How Maize Turned Into a Staple Ancient Mesoamerican Crop
Archeologists from the University of New Mexico reconstructed changes to the Mesoamerican diet by measuring carbon isotopes in bones.
ALBUQUERQUE, NEW MEXICO — Archeologists may have found out when cave-dwelling prehistoric Mesoamericans began eating maize as a staple, according to a new study in Science Advances.
Researchers examined the carbon isotope content of 52 skeletons from various rock shelters in Belize. The bones belonged to a representative sample of men, women and children, and evidence showed they were consuming more and more maize.
Writing in a news release, researchers say pre-maize hunter-gatherers from around 9,000 years ago ate wild animals and plants. Then, about 4,700 years ago, the population began to consume maize, which made up 30 percent of their diet.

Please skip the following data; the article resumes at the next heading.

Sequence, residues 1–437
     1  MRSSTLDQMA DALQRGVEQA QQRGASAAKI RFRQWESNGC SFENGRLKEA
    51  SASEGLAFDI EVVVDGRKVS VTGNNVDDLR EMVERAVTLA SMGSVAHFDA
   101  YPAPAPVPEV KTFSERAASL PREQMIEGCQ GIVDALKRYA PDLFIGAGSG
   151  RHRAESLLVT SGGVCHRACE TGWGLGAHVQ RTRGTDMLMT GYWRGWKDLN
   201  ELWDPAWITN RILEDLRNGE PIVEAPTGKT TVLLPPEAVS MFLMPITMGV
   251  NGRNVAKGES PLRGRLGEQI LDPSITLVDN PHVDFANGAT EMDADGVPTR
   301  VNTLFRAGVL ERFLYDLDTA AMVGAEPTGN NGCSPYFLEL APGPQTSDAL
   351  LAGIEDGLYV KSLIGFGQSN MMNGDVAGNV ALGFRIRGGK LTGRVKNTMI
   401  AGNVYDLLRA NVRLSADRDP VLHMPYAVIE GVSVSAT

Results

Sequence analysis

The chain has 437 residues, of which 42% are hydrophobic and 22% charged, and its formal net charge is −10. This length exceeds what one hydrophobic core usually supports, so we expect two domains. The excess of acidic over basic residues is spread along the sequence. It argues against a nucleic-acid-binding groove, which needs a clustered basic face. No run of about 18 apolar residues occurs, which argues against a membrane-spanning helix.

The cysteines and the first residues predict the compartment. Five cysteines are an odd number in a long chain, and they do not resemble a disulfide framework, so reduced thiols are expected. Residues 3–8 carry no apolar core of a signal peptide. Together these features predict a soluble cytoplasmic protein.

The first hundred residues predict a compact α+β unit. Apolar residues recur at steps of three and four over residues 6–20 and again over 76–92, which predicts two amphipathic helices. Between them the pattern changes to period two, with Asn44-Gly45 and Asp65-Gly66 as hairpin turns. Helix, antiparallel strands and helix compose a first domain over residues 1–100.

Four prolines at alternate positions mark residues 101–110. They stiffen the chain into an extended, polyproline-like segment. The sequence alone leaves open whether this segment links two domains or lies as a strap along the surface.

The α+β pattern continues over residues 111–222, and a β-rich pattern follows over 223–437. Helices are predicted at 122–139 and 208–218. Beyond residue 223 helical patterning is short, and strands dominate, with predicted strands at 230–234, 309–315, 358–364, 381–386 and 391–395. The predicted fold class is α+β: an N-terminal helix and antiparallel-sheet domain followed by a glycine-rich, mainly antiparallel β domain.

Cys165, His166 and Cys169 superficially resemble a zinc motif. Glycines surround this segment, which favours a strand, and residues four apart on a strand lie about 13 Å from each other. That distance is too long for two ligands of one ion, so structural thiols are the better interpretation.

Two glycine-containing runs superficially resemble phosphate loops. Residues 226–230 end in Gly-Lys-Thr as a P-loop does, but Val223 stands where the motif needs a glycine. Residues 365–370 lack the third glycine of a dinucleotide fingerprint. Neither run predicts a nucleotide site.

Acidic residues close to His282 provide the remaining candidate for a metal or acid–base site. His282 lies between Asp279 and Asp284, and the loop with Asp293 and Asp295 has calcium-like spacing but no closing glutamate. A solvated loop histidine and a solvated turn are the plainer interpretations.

In the following millenia, Mesoamericans adopted sedentary farming and maize consumption increased to 70 percent of the food they ate.
The authors speculated that human selection and spontaneous genetic changes to the plants then led to maize crops to grow bigger cobs, bigger seeds and more seed rows.
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